Friday, May 17, 2013

Internet Explorer version ≤8 parseInt() octal radix default

Old browsers, like IE7 and IE8 ( that uses ECMAScript older than 5) uses octal radix ( or base ) as default when parsing strings that start with “0” as ints. Internet Explorer 8 and older versions therefore have this rather peculiar default behavior.

parseInt(“01”) => 1*8^0 = 1
parseInt(“05”) => 5*8^0 = 5
parseInt("055") => (5*8^1)+(5*8^0), 40+5 = 45
parseInt(“07”) => 7*8^0 = 7

parseInt(“08”) => 0*8^0 = 0 (the 8 has no equivalent in base 8)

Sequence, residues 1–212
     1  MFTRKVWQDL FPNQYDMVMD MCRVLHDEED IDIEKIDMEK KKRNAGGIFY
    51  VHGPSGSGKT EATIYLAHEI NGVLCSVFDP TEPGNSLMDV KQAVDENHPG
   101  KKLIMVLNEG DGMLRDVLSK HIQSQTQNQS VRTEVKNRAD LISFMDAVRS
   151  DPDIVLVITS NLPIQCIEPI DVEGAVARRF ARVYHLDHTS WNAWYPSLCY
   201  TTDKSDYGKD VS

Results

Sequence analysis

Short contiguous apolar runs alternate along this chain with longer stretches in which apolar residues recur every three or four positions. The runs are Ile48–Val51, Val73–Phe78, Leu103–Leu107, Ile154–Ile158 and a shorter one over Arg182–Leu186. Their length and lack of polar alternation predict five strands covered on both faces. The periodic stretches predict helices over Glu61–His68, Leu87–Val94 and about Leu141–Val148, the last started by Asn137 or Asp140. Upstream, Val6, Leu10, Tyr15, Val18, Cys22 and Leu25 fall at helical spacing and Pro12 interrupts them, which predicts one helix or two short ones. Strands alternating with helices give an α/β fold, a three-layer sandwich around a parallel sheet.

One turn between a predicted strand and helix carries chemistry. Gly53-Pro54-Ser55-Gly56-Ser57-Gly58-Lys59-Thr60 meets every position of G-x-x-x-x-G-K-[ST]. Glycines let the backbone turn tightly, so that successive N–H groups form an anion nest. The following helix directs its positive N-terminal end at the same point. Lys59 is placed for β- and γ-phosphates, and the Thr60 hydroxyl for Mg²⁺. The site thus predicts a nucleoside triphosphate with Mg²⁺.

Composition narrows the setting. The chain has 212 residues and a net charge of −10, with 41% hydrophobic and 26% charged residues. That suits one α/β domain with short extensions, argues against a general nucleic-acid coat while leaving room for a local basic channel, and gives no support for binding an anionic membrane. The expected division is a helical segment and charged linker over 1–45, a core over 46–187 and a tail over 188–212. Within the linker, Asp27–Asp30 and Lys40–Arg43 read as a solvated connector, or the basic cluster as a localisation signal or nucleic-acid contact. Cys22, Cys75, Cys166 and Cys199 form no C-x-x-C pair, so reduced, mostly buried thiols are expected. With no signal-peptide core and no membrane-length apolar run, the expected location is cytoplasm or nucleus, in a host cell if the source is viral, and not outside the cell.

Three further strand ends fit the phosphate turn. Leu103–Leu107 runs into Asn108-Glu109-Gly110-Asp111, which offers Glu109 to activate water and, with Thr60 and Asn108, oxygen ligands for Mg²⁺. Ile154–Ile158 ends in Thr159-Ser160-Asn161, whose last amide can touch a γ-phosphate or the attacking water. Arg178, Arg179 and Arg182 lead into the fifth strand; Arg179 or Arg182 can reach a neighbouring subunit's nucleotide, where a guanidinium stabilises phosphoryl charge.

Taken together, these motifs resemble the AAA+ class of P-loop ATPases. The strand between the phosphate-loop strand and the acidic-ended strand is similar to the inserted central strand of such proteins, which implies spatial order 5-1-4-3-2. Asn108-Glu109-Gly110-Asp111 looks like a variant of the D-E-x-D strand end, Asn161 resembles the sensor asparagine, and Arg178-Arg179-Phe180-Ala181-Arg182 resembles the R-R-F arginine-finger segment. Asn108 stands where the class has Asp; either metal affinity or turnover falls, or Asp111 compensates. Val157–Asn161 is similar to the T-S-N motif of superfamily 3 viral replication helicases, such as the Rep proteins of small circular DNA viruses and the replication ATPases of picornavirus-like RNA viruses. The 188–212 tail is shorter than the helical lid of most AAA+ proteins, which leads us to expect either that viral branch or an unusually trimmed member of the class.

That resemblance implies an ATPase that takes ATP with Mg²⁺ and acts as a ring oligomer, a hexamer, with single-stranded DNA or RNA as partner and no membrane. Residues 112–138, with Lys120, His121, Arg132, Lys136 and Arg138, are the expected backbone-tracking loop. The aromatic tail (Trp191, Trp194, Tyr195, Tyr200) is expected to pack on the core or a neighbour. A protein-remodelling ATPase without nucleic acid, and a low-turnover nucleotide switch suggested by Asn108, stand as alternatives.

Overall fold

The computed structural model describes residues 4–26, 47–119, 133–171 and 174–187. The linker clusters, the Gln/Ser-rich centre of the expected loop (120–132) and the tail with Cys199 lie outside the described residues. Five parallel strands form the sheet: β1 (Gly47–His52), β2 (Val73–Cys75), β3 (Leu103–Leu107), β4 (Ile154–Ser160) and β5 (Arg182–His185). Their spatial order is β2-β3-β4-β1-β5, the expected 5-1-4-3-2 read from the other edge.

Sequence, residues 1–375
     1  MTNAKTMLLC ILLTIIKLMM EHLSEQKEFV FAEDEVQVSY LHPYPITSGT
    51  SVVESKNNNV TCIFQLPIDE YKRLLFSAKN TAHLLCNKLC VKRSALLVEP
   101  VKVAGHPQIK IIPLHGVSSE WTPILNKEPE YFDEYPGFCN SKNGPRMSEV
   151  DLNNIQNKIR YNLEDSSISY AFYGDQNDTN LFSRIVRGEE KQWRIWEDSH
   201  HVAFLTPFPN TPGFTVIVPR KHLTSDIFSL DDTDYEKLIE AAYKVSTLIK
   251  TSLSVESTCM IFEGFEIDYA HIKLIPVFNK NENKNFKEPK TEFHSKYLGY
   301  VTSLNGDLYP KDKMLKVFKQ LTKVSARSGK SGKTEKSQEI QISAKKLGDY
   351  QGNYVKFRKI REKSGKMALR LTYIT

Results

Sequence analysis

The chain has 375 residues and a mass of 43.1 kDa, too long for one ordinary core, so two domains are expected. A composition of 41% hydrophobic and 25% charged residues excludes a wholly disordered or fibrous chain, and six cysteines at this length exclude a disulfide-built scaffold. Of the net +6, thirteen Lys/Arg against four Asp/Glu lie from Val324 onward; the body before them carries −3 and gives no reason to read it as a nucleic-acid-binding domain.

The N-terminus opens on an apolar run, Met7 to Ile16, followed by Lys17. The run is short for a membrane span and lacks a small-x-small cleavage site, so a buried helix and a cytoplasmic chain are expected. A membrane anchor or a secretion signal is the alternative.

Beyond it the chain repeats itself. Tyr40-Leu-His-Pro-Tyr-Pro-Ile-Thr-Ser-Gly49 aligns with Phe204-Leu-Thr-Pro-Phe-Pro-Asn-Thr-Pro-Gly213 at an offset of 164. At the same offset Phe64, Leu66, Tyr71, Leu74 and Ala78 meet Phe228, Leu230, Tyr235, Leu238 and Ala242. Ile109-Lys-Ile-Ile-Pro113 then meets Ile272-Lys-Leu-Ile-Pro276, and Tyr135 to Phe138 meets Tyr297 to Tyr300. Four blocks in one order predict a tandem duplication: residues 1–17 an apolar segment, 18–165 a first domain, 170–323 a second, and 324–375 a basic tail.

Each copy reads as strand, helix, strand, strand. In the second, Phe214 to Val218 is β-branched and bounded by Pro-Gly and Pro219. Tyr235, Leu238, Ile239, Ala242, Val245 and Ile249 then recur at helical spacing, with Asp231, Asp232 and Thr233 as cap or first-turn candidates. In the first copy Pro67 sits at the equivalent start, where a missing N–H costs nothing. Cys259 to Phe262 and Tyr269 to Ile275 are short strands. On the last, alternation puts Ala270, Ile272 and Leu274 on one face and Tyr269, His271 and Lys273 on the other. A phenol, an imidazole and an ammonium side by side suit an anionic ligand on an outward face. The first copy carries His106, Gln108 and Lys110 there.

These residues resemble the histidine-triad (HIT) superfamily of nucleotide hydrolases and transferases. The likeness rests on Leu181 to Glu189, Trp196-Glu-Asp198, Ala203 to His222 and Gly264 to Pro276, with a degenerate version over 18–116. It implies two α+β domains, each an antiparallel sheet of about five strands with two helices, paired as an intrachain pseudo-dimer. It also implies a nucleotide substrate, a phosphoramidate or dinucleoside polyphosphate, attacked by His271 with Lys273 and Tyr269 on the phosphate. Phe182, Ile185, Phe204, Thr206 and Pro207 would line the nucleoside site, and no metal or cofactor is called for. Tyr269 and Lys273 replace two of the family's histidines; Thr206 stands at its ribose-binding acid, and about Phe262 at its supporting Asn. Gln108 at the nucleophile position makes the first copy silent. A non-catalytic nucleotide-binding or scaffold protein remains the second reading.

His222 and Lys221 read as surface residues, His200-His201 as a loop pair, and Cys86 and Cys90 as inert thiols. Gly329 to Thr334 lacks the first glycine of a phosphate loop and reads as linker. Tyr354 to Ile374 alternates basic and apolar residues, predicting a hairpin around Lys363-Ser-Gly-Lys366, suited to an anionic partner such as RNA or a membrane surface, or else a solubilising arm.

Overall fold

parseInt(“09”) => 0, same issue

parseInt(“10”) => (0*10^0) + (1*10^1) = 10 ( IE8 recognizes this as base 10, as it doesn’t start with zero.) 

Say that you're parsing months as ints, 01-12. 01-09 will be parsed as base 8, and 10-12 as base 10.
It'll work in all new browsers, but 08 and 09 will be parsed as zero in IE8 or older ( or other old browsers ).

Luckily, for us all, there is a way to specify which base to use.

parseInt(string,base);
parseInt(“08”,10) => 8*10^0 = 8